Rosemary Olive Oil Bread
This morning I got up entirely too early, and decided to make a different bread from my usual round of baguettes, boule, rye, and no-knead white bread. After a little internet research, I found this easy-but-scrumptious-sounding recipe from Epicurious that made me, well… curious. It was well worth the time and effort: this Rosemary Olive Oil Bread is absolutely delicious! It has a chewy crust, excellent texture, and a wonderful flavor. Try it and see!
This recipe is by Mark Bittman, slightly adapted and greatly appreciated. He says: A healthy dose of olive oil gives this rosemary-infused bread a rich, moist crumb and pale golden hue; it also helps it keep a little better than other European-style breads. Among other things, this is a wonderful and unconventional loaf for sandwiches.
Note: In making bread, exact proportions are important, so I find it works better to measure everything in grams, including liquids. Use an electronic scale with both ounces and grams.
400 (3 cups) all-purpose flour
8g (2 tsp) Kosher salt
8g (2 tsp) instant or rapid-rise yeast
200g (scant cup) water at room temperature
45g (1/3 cup) olive oil
Small handful fresh rosemary leaves
Butter or oil spray such as Pam for greasing the bowls/pans
1. Combine the flour, yeast, and salt in a food processor. Turn on the machine and add the olive oil through the feed tube, followed by ¾ cup water. Process for about 30 seconds, adding more water, 1 tablespoon at a time, until the mixture forms a ball and is slightly sticky to the touch. (Alternatively, you can use a handheld power beater.)
2. Turn the dough onto a floured work surface and, by hand, knead in the rosemary until the dough feels smooth. Put it in a bowl, cover with plastic wrap, and let rise until the dough doubles in size, about 2 hours. (You can cut this rising time as short as 1 hour if you are in a hurry, or you can let the dough rise more slowly, in the refrigerator, for up to 8 hours. At this point, you may also wrap the dough tightly in plastic and freeze for up to a month; thaw in a covered bowl in the refrigerator or at room temperature.)
3. Lightly dust a work surface with flour. Shape the dough into a boule, sprinkling with flour as necessary but keeping it to a minimum. Line a colander or large bowl with a well-floured kitchen towel, set the loaf in the bowl, and cover with another towel (this keeps it from spreading too much). Let the dough rise for 1-2 hours.
4. About 45 minutes before the dough has risen, heat the oven to 425°F. Put an ovenproof skillet (preferably cast iron) on the floor or the lowest rack while the oven heats. If you’re using a baking stone, put it on the rack above the skillet while the oven heats; if not, line a baking sheet with parchment paper.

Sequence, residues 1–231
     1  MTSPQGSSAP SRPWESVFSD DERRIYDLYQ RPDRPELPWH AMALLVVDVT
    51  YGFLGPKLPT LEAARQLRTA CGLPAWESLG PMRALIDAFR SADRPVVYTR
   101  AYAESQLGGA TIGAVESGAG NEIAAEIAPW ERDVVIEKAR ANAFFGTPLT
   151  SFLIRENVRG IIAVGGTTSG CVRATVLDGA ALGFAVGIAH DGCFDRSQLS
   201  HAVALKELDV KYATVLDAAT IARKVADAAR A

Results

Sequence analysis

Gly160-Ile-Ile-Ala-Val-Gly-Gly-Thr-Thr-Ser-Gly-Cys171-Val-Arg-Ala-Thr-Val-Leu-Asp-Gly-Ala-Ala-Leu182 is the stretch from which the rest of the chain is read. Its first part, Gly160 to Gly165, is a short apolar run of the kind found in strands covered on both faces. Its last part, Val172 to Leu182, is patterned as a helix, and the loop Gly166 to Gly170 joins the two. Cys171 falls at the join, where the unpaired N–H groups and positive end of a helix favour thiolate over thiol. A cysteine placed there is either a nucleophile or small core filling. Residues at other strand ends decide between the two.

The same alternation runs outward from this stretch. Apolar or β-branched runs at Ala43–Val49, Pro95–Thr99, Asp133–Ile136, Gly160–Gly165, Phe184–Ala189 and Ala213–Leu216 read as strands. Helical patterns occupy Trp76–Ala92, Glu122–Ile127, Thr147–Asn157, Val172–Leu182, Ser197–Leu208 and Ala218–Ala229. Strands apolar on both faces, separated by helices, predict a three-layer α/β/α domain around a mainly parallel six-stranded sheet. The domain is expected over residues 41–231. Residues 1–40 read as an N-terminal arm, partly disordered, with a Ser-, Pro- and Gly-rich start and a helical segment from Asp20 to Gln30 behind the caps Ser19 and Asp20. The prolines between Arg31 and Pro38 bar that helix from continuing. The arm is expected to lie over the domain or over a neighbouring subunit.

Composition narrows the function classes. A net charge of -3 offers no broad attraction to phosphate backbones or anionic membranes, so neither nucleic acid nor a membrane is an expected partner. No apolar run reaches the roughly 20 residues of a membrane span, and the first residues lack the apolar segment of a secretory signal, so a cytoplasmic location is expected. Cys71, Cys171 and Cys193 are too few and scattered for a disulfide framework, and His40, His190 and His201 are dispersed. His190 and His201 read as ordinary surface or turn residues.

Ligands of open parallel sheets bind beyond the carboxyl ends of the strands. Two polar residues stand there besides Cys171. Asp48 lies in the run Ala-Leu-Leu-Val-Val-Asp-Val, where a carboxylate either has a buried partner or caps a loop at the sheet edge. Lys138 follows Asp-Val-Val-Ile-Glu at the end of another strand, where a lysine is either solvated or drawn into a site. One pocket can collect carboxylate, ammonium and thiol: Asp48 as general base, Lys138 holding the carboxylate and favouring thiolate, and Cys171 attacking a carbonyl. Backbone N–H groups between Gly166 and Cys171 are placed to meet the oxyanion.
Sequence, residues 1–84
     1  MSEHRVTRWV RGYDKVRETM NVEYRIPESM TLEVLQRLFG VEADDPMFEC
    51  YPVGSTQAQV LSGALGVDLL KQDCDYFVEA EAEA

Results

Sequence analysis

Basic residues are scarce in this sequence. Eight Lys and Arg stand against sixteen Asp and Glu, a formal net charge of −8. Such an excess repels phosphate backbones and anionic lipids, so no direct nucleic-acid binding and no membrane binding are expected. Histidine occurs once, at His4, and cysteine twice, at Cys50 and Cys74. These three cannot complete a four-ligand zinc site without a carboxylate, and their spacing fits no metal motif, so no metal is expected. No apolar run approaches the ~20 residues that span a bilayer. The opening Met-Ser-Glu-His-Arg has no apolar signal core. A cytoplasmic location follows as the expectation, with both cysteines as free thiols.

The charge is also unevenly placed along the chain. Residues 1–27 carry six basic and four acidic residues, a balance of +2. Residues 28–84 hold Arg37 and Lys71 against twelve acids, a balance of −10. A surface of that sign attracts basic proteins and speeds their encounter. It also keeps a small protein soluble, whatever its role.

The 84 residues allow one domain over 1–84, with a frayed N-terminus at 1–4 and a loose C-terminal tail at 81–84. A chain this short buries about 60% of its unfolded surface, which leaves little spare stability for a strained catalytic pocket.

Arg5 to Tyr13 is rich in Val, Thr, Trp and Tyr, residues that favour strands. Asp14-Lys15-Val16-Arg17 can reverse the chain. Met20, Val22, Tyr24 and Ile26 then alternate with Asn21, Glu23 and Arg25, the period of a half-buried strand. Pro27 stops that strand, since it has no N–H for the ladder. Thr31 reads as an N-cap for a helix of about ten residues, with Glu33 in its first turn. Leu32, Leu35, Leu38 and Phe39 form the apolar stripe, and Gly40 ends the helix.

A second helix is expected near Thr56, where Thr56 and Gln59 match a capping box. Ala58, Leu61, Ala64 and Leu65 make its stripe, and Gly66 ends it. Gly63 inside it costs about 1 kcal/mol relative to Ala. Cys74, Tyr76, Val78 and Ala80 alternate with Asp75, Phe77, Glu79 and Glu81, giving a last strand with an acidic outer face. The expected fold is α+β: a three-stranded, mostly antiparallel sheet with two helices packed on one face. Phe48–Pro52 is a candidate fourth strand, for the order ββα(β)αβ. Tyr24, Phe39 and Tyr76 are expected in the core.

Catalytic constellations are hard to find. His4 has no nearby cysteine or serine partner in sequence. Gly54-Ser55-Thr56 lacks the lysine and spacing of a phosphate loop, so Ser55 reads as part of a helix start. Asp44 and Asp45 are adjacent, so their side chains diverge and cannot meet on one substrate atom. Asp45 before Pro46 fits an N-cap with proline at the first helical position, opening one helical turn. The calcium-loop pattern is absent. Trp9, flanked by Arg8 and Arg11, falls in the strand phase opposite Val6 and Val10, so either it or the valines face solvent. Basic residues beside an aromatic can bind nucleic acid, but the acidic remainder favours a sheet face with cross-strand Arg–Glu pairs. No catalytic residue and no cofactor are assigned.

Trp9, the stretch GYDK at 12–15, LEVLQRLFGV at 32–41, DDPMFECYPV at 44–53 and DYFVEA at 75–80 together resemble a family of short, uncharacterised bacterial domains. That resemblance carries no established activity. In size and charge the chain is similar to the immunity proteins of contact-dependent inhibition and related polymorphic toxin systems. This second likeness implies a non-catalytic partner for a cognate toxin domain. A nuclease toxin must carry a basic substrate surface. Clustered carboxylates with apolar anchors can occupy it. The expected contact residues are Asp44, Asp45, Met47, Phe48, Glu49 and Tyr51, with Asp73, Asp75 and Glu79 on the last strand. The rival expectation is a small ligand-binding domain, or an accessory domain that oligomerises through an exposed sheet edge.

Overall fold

5. Once you’re ready to bake, slide or turn the dough out onto a lightly floured peel or flexible cutting board, seam side down, or just transfer it to the prepared baking sheet. Rub the loaf with a little flour (this helps prevent scorching) and slash the top with a sharp knife or razor blade. Use the peel or cutting board to slide the loaf onto the baking stone or slide the baking sheet into the oven. Partially pull out the rack with the heated skillet and very carefully pour one cup hot water into the skillet – this will create a burst of steam. Slide the rack back in and immediately close the oven door.
6. Bake for 45 to 50 minutes, turning the bread or the baking sheet halfway through, until the crust is golden brown, the bottom sounds hollow when tapped, and the internal temperature reaches 200°F on a quick-read thermometer. If the bread is browning too quickly, lower the temperature to 400°F. Remove and cool on a wire rack.
7. When completely cool, you can wrap the spare loaf in a ziplok bag to freeze, or store at room temperature in a loose bag, cut side down. As with chocolate, we find that storage is not a problem!
Rosemary Olive Oil Bread With Olives or Tomatoes: In Step 2, knead 1 cup halved pitted oil-cured olives, roughly chopped dried tomatoes, or a combination into the dough along with the rosemary.
Olive Oil Bread With Onions and Mint: you can make this with olives too (see preceding variation), but omit the rosemary. In Step 2, knead 1 large onion, chopped, into the dough in place of or along with the olives. Add 1 tablespoon chopped fresh mint if you like.
Pancetta and Black Pepper Bread: Rich, savory, and packed with flavor! You can use olive oil here if you’d rather not use the pancetta pan drippings. Make the recipe above, omitting the rosemary. Chop one pound pancetta (or fatty bacon) and cook until it’s crisp. Drain the meat and set it aside, reserving 1/3 cup of the rendered fat. If you don’t have enough, add olive oil or good-quality lard to make up the balance. Proceed with the recipe, using the reserved fat in place of the oil. In Step 2, knead in the pancetta pieces and 2 tablespoons coarsely ground black pepper. [Now, I don’t eat pork, but I think this would work equally well with duck or goose fat, if you have any to hand.]
Here is the printable recipe: Rosemary Olive Bread
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